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Tuesday, May 28, 2024

As tuition rises, we need to rethink affordability

Next week, Middlebury’s Board of Trustees will meet to discuss, among other things, tuition for the 2023–24 academic year. They will almost certainly increase tuition, in keeping with the trends of past years. Tuition increased by 4.5% last year and 2.5% the year before.

The Campus has called for increased transparency regarding the college’s spending and continues to do so, but it is also vital to ensure that Middlebury is truly affordable — even if the number on the price tag must rise.

Currently, 51% of Middlebury students receive financial aid, and the college offers need-blind admissions with a commitment to cover all demonstrated need. However, in addition to grants, which don’t need to be paid back, the college’s financial aid packages include loans and work-study programs.

While the college is nominally affordable under these policies, students still must sacrifice part of their college experience to commit to work-study jobs and leave Middlebury with unwieldy loans to repay. For most colleges, particularly private schools that are not primarily supported by state funding, tuition hikes are par for the course. They will quite likely remain a fact of life at Middlebury. Inflation and increased interest rates mean that the costs of running the college increase as well.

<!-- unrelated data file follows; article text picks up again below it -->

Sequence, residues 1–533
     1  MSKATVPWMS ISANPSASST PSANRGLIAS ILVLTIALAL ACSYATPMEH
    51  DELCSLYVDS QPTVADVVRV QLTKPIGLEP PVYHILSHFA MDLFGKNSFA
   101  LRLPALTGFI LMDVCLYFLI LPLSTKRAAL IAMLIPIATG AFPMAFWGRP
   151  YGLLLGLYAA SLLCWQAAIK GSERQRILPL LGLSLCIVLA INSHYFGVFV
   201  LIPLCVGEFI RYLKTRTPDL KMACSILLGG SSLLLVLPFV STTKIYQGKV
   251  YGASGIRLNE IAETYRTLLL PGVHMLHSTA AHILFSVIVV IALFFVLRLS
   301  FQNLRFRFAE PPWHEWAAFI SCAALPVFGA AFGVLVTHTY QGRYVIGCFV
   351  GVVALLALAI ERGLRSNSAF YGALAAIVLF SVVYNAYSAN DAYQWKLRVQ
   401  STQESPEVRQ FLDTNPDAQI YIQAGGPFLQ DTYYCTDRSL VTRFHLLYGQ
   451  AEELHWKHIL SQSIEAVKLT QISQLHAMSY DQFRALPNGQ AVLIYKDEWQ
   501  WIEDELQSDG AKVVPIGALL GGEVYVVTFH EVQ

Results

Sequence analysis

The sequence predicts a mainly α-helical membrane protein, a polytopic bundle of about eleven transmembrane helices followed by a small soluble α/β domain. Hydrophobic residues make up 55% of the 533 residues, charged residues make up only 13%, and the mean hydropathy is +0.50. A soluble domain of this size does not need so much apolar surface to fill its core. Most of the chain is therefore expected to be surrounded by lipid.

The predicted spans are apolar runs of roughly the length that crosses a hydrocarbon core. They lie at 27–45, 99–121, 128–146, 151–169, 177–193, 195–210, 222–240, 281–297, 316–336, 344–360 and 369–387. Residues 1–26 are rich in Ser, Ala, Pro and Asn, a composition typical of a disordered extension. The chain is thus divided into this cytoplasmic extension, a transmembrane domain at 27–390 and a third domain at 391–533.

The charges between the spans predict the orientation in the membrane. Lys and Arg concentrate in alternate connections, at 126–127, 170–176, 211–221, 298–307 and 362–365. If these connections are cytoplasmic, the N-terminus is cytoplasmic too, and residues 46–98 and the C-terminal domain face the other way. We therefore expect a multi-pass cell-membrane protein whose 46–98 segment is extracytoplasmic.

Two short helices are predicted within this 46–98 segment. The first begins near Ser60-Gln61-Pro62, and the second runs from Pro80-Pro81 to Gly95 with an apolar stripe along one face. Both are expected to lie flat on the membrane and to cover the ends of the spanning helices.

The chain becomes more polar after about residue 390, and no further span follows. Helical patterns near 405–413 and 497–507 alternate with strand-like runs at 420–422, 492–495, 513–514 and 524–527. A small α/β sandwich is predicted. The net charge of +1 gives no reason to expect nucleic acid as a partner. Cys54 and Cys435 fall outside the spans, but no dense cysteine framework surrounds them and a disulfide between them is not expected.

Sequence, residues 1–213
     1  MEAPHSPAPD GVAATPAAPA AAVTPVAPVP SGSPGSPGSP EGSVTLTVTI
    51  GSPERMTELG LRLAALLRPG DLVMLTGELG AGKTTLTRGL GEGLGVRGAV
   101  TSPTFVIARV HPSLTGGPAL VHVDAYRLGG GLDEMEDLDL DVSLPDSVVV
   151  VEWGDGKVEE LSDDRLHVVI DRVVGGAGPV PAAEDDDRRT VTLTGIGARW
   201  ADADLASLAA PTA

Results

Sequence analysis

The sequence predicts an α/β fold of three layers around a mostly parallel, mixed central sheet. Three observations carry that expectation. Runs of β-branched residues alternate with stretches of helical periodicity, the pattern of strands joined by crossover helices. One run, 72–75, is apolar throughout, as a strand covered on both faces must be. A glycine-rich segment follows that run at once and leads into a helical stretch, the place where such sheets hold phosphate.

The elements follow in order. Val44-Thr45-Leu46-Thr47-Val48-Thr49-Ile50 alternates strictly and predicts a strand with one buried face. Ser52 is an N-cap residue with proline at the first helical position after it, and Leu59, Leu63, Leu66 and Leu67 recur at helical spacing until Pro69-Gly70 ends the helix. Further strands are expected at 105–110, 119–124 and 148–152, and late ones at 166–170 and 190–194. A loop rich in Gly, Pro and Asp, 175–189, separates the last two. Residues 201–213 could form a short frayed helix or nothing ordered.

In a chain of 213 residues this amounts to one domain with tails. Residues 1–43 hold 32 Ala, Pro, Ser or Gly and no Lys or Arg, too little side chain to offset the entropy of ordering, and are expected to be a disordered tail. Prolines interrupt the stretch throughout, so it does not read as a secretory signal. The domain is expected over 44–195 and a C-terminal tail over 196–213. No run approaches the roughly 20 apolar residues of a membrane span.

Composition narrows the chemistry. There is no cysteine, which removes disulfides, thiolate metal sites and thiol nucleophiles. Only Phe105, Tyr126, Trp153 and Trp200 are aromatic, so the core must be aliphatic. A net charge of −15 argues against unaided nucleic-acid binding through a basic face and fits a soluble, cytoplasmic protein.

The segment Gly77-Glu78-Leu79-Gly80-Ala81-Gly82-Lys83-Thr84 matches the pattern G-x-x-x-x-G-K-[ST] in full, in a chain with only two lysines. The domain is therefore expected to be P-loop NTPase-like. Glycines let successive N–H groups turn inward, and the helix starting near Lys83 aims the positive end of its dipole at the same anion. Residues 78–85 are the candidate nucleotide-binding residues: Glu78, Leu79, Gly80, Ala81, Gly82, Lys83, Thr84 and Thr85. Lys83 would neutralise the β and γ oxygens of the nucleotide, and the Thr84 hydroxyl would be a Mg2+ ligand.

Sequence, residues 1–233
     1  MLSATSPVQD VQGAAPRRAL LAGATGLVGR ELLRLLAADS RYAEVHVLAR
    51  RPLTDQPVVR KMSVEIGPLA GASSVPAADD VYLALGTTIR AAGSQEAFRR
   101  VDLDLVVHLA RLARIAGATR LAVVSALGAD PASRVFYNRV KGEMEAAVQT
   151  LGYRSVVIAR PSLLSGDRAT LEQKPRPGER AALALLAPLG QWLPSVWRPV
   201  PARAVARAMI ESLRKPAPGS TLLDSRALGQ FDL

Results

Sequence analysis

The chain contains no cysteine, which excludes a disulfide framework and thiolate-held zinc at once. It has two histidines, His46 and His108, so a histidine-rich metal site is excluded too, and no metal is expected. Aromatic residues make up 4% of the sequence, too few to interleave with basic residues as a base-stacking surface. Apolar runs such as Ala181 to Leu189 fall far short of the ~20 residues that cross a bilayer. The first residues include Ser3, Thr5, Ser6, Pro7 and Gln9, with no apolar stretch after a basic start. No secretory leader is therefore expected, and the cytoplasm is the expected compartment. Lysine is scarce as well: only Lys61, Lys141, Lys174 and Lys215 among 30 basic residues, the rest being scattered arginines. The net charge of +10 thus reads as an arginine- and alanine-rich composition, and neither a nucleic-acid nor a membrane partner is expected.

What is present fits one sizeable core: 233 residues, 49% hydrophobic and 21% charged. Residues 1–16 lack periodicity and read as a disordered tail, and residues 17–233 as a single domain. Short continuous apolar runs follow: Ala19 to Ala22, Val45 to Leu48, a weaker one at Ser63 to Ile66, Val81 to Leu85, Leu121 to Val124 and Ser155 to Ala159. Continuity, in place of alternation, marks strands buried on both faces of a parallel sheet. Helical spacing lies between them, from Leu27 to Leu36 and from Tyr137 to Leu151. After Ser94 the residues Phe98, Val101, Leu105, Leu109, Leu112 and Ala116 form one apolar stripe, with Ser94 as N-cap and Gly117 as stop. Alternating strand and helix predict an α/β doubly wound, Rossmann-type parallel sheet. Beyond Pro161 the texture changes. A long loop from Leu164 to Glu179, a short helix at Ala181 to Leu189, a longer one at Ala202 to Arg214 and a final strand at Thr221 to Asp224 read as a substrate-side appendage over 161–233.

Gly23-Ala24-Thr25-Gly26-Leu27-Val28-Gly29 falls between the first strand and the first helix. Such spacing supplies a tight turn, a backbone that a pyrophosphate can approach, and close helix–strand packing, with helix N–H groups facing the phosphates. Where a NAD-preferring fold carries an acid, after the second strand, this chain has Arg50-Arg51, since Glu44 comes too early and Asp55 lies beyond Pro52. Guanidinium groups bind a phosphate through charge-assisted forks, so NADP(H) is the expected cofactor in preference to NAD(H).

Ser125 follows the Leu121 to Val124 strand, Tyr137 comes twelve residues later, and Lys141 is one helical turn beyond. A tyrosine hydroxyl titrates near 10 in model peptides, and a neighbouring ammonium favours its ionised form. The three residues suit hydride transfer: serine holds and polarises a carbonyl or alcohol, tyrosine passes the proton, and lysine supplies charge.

With this in mind, we would love to see clearer breakdowns of how the college makes financial decisions and where it spends its money, including a more detailed description of where the revenue from tuition increases is used. We understand that price increases are not arbitrary. Nonetheless, the college can and should reevaluate how it supports students financially as tuition continues to creep skyward to the detriment of those on financial aid and prospective students considering whether they will be able to afford a Middlebury education. 

One of Middlebury’s peer institutions provides a compelling example. This academic year, Williams College committed to transitioning away from loans and work-study, relying instead on an entirely grant-based financial aid system. The move is an attempt to provide all Williams students with an equitable experience.

If Middlebury took similar action, then all students could graduate debt-free, as well as fully engage in the Middlebury community and their studies without the strain of a work-study job. Admittedly, moving to an entirely grant-based system would be expensive; Williams’ initiative will cost them $6.75 million a year, a move that is more realistic for Williams, which has a much larger endowment than Middlebury does.

However, Middlebury could take notes from Williams in other ways. Unlike Middlebury, Williams covers textbooks and offers heavily-subsidized summer storage for all students on financial aid.

We also suggest that Middlebury make its financial aid offices more accessible to students. One possible strategy would be to require that students meet with their financial aid officer at least once per semester. Such a requirement would take the burden of reaching out off of students, particularly those from marginalized backgrounds who may find it more difficult to do so. Additionally, ensuring students are informed and connected to the office might make it easier for them to petition their aid packages, an action that many don’t even know is available to them.

If Middlebury wants to tout its financial aid policies, it needs to make sure that those policies actually benefit students in the long run and foster diversity as much as possible. With the likely tuition increase approaching, we ask that the college not only communicate openly about how it uses its money, but also think carefully about how this new revenue can support students on financial aid.